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After Mario Kart 8 Deluxe’s success on the Nintendo Switch, I began to think of what other games might come from Wii U to Switch. There is one game I want more than others and that is Donkey Kong Country Tropical Freeze.

This might just be the best Donkey Kong game ever made. The Music by David Wise is excellent, and it had some truly amazing visuals that went against the grain for 2D platformers, even HD ones. Tthe enemies are memorable and great, especially unlike the Tikis from Returns, and were a worthy successor to the Kremlings. But most importantly, this has the best gameplay and level design in the series, with every level  being and feeling alive and bursting with energy. Every area, from the beaches to the frozen islands have a truly epic feel to them, which is greatly helped by the awesome David Wise soundtrack.

In addition, the characters are probably the best they have been in the series.feel great as well. Dixie Kong makes her return and truly shows why she was a beloved character. Also, for the first time in the series, you can play as Cranky Kong. Cranky plays like Scrooge McDuck from the Ducktales video game adaptations and is a truly worthy addition to the roster. Plus when you add in the hard modes, you could play as a different character than DK in single player. You could play as Diddy, Dixie or Cranky for the whole game, which opened up entire new play possibilities. This isn’t getting into the Time Trials, with the game encouraging speed running and allowed you to upload your replays for others to see.

The fact is that this is just too good a game to leave on the Wii U. This game deserves a second chance to make an impact and get a new audience and it should come to the Nintendo Switch. It could do very well there, especially with the overall momentum of the platform, and get better sales. the fact is that this is one of the most creative games on the Wii U, and I would even say among the most creative platformer games ever made. It is just that good and should be experienced by more.

 

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The above was the opinion of the author and does not necessarily reflect that of ROG or its staff.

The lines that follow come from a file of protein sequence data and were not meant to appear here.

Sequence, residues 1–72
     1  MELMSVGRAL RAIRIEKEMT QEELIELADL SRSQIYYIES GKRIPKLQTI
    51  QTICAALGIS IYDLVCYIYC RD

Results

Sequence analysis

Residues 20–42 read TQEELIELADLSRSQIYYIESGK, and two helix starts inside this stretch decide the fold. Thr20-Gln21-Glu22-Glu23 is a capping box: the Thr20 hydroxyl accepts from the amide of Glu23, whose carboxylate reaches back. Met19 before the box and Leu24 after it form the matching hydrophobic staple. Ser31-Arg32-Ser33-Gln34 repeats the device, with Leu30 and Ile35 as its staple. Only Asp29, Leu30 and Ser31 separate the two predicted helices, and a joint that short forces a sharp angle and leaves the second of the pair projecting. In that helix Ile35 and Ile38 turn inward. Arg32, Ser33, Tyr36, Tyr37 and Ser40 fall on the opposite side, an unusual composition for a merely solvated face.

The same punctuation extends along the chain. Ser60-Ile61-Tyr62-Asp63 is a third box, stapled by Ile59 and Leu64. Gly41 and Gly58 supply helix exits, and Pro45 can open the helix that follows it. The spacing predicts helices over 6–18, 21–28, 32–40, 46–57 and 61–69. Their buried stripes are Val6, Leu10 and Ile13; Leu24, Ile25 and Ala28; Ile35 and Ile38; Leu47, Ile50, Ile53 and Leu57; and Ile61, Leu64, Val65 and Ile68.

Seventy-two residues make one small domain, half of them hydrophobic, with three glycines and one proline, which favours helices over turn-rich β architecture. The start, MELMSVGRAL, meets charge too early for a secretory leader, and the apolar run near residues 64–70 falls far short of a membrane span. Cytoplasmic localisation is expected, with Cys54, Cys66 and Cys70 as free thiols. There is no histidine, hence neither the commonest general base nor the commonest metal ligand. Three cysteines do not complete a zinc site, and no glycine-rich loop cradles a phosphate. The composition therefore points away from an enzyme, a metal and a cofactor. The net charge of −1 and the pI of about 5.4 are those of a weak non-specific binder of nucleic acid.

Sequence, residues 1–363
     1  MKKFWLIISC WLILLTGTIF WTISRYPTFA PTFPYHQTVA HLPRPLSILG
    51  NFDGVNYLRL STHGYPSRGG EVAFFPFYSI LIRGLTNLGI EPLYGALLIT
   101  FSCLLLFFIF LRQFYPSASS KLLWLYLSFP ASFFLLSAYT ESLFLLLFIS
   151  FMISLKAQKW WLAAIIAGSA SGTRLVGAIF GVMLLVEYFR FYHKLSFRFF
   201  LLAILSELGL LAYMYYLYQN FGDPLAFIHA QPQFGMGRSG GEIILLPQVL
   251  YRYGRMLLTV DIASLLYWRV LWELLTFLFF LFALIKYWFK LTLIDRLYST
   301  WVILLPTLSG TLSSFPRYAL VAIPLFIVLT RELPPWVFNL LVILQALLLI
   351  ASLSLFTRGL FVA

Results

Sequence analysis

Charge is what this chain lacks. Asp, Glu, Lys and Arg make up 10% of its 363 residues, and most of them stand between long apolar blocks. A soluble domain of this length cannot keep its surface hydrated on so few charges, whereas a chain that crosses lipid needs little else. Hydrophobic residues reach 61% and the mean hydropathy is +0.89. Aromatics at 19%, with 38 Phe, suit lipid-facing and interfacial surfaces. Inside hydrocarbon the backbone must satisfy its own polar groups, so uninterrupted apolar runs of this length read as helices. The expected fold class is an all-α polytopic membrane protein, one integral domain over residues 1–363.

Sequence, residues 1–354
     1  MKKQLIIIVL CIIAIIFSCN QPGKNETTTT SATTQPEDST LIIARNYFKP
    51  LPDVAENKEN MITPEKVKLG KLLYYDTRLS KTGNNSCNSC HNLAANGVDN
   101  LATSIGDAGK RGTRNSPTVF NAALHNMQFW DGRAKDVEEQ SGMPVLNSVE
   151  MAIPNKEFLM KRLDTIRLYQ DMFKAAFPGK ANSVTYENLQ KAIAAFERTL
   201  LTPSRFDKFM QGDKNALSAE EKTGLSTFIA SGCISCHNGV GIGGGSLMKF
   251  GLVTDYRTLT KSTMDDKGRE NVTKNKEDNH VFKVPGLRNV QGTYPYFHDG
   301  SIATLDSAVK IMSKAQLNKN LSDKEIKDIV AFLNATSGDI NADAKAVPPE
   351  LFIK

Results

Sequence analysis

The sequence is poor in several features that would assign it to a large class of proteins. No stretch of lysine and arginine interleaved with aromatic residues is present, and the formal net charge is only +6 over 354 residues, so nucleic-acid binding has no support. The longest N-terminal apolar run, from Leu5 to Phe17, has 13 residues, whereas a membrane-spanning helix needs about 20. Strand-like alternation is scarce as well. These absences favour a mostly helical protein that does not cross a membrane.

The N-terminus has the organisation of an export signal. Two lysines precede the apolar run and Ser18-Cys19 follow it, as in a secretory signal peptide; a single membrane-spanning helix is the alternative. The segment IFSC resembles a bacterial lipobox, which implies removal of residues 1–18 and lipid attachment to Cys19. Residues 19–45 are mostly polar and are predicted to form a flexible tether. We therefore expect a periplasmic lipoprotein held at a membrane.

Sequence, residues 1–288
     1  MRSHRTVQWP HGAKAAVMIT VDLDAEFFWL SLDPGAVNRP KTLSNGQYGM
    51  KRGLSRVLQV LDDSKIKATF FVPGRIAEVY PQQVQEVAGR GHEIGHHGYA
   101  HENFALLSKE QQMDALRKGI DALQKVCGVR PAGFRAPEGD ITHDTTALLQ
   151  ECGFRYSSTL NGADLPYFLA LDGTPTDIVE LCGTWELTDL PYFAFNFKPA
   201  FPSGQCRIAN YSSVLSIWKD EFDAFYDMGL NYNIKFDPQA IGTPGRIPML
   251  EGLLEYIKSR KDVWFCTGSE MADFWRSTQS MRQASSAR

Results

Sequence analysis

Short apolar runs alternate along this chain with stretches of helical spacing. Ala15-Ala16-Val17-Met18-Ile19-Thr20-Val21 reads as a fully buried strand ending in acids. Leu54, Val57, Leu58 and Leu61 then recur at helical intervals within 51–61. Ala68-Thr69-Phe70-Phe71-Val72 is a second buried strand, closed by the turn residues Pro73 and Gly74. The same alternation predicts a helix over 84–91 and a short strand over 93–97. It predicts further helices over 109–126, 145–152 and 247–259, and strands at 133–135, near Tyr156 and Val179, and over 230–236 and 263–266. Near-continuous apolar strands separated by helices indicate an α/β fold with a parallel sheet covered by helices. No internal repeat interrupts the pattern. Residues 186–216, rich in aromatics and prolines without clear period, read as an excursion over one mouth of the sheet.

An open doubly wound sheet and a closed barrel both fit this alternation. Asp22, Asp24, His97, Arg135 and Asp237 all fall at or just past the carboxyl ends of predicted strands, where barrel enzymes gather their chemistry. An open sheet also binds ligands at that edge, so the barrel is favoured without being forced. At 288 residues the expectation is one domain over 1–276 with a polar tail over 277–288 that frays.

By Nate VanLindt On 28 May, 2017 At 04:24 PM | Categorized As Editorials, Featured, Opinion, PC Games, PlayStation, ROG News, Xbox 360/Xbox One | With 0 Comments

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13,925.  693, no platinum trophies.  5,906 XP – Level 29.  These numbers are meaningless out of context.  The fact is, they’re pretty much meaningless in context as well.  Chances are, you already know what I’m talking about if you’re reading this, but for the few that don’t, the above numbers are gamer scores and achievement statistics.  Specifically my personal gamer statistics.  I had to look them up because I had absolutely no idea what they were and I didn’t really care.  They are from Xbox Live, Playstation Network, and Steam respectively if you’re wondering.  That’s the point, however.   Why have people become obsessed with their personal statistics?

Gamerscores and stats started almost at the same time as gaming with the advent of the high score.  The very first high score was in Sea Wolf, way back in 1976.  Most games of the early gaming era featured scoring systems of one kind or another, whether it be the number of points scored in a Pong game or the points from the number of alien ships shot down in Galaga.  High scores stuck around until the mid to late 80s, when the NES reigned supreme and longer, more complex games at home became the standard.  Even then, many games still had score tabulation functions, whether they were the game scores in R.B.I. Baseball or a run n’ gun like Contra by Konami.   In other words, high scores have always been kicking around, but as gaming advanced, high scores slowly disappeared and became less meaningful, excluding a handful of genres like SHMUPS (SHoot eM UPS such as R-Type, Gradius, and Raiden for those who aren’t familiar with the term).